South Asian Res J Agri Fish | Pages : 8-11
DOI : 10.36346/sarjaf.2019.v01i01.002
To meet current and future demand of food, feed, fibers and fuel for a rapidly growing population, agricultural systems should intensify the use of land and water resources through more sustainable methods and by changing existing production systems and diversifying them into newer and more efficient enterprises. Sustainable agricultural growth is critical to ensure food and nutrition security .The more efficient use of agricultural inputs with improved management techniques are the key consideration for the sustainable intensification. Modern clever technologies regarding agronomic management and improved farm mechanizations may increase resource use efficiency in crop production. The reduction of high input use with relative increase in crop yield is the major concern. The objective of this study is to view the role of the sustainable agriculture intensification in relation to crop production and achievement of food security. In this paper, we will explore the ways in which sustainable intensification interventions can be carried out. Sustainable intensification could be the better means to minimize the crop yield gap without environmental burdens, a major challenge of agriculture for this era It has a positive implication on livelihood security in terms of better economic and social conditions.
South Asian Res J Agri Fish | Pages : 12-16
DOI : 10.36346/sarjaf.2019.v01i01.003
The study assessed the farm labour constraints in Esan west local government area of Edo state, Nigeria. Specifically, it identified the types of farm labour used for some farming activities and also ascertained the constraints faced by farmers in using farm labour. Survey method was used to sample 108 respondents from four (4) purposively selected villages in the study area. Data were analyzed using descriptive and inferential statistical tools. The result revealed that Most of the respondents used family and hired labour in carrying out most of their farming activities. The major constraints of the farmers in the study area were high cost of labour (mean = 2.84) and lack of finance (mean = 2.83). The result also revealed that there was a significant difference among the constraints faced by the respondents with high cost of labour (mean rank = 3.456) being the most significant serious constraint. It was recommended that the farmers organise themselves into associations to assist each other rotationally in terms of providing labour.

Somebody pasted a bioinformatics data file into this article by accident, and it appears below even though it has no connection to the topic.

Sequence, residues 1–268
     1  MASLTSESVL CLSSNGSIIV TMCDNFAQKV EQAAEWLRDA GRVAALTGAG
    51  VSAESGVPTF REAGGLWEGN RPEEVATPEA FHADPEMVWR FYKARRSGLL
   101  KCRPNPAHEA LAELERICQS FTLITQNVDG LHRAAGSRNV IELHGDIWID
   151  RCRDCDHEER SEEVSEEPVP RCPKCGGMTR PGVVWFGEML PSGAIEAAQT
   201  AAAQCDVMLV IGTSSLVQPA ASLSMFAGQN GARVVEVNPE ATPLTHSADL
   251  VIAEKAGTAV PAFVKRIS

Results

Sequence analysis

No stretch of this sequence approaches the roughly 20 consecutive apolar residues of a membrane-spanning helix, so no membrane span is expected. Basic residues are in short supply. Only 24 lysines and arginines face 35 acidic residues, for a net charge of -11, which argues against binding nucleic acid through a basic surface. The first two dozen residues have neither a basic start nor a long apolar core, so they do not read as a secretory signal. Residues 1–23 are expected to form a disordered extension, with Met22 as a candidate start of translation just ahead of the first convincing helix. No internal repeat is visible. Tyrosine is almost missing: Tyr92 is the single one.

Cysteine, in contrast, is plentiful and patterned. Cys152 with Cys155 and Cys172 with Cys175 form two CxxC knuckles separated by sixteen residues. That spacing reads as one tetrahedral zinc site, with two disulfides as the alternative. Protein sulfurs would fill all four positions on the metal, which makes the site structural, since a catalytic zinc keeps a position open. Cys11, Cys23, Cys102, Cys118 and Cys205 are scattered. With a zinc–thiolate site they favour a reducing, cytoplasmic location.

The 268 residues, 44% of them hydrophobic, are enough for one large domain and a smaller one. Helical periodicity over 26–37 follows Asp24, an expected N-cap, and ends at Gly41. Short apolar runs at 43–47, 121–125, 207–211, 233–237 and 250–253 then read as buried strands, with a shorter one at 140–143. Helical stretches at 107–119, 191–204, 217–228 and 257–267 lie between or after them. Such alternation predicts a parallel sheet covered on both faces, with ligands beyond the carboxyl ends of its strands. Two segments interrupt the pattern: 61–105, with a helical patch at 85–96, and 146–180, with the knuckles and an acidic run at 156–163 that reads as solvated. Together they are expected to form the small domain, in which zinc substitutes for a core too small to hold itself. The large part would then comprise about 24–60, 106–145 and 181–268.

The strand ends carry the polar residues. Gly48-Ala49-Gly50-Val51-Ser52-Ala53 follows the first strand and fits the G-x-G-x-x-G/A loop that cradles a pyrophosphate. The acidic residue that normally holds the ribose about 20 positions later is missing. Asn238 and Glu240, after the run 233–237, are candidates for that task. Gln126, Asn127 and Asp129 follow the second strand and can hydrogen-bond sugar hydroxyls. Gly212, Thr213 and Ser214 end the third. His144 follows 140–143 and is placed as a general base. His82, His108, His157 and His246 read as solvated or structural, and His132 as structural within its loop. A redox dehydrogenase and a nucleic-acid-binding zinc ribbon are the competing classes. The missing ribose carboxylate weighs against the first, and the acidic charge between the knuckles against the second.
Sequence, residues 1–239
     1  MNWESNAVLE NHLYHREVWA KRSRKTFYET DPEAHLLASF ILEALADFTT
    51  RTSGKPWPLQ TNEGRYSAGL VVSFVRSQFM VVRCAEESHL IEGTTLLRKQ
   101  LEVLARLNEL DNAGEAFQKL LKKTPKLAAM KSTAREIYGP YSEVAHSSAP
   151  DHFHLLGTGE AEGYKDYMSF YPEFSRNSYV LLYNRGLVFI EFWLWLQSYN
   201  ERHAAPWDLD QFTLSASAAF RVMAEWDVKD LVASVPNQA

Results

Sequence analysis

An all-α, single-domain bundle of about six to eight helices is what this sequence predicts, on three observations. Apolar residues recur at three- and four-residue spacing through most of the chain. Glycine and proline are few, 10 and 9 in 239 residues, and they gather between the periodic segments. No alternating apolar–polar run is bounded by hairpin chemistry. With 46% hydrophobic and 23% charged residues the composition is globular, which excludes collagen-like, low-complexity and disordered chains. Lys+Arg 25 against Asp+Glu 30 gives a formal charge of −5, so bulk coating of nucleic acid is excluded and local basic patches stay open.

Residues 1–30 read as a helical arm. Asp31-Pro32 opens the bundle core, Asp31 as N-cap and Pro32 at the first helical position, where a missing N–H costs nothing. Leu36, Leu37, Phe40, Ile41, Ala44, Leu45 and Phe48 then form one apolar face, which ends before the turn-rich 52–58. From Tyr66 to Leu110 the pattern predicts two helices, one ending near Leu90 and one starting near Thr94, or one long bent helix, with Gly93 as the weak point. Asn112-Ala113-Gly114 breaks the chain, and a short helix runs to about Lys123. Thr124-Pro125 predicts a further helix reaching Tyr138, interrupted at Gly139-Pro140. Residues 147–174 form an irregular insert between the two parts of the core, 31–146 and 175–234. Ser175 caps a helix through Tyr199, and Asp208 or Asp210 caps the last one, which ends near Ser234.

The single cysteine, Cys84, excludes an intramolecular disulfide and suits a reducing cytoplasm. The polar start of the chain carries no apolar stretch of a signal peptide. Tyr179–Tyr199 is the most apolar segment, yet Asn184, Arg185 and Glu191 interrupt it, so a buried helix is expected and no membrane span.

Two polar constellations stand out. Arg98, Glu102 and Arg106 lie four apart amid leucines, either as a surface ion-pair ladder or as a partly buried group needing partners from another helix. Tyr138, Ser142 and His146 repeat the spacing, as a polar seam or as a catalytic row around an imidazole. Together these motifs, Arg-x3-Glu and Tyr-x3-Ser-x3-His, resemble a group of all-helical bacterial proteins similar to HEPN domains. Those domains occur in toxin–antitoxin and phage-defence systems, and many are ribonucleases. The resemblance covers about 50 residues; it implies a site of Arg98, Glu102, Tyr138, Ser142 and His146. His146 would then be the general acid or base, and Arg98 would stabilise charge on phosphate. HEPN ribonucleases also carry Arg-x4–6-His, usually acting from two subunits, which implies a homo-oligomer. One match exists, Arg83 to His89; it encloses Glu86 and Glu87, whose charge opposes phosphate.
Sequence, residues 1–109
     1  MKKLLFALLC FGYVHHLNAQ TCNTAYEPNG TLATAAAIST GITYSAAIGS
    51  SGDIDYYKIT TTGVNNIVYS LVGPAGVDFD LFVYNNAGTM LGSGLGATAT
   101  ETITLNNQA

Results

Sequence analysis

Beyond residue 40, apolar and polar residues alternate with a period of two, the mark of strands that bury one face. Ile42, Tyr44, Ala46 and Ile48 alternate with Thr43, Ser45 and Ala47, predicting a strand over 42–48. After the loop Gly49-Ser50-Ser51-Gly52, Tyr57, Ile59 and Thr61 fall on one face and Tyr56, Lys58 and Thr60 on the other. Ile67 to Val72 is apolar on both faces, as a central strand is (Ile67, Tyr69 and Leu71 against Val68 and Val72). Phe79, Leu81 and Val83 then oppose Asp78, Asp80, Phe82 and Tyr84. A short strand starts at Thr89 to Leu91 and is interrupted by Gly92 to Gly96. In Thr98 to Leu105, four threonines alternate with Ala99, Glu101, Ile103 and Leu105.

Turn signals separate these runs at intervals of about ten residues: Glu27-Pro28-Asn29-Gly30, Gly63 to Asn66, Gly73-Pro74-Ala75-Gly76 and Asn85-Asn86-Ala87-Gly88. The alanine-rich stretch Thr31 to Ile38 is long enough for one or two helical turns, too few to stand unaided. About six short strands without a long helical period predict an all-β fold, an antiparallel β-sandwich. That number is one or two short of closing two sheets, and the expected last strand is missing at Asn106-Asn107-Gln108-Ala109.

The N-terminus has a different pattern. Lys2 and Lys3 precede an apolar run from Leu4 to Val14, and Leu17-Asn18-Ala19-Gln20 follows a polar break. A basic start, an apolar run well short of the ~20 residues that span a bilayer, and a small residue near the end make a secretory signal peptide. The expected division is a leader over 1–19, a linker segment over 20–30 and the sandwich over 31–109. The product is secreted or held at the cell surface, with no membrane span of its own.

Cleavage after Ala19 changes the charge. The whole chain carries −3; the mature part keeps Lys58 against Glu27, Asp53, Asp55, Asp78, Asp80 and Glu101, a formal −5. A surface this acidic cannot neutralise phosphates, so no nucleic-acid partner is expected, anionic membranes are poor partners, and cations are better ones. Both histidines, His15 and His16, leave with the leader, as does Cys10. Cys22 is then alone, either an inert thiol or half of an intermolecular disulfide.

Paul Omaye Joseph, Ojomah Frank Ojochegbe, Amhakhian Sunday Okonfor, Ukaha Chinwe Faith
South Asian Res J Agri Fish | Pages : 17-22
DOI : 10.36346/sarjaf.2019.v01i01.004
The continuous use of land for agricultural production could lead to land degradation, nutrients depletion, declined crop production and environmental degeneration. This study was therefore conducted to investigate the impacts of land use on physicochemical properties of soils of oil palm plantation, cultivated land and fallow land. Twenty-one (21) soil samples were collected from each land use type at a depth of 0 - 20 cm, giving a total of sixty-three (63) samples, and bulk together to make three composite samples; one for each land use type, and analyzed for selected physical and chemical properties using standard methods. The results of the study, on one hand, revealed that organic matter, total nitrogen, available phosphorus, exchangeable calcium, magnesium, potassium, CEC, PBS, organic carbon, exchangeable acidity and pH contents of the cultivated land were significantly (P<0.05) lower than the adjacent fallow land. On the other hand, the result revealed that exchangeable calcium, magnesium, potassium, CEC, PBS and exchangeable acidity contents of the oil palm plantation were significantly (P<0.05) lower than the adjacent fallow land. However, there was no significant difference between the fallow land and oil palm plantation in available phosphorus, exchangeable sodium, organic carbon, total nitrogen and organic matter. Available phosphorus and ECEC were high for all the land use types. The pH in all the land use types was moderately acidic. From the present study, it could be concluded that the soil quality and health were maintained relatively under the fallow land, whereas the influence on most parameters were negative on the soils of the cultivated land. The continuous cultivation of the land has degraded the soil properties and there is therefore the need to adopt appropriate management practices to achieve high soil quality and sustainable productivity.
South Asian Res J Agri Fish | Pages : 23-28
DOI : 10.36346/sarjaf.2019.v01i01.005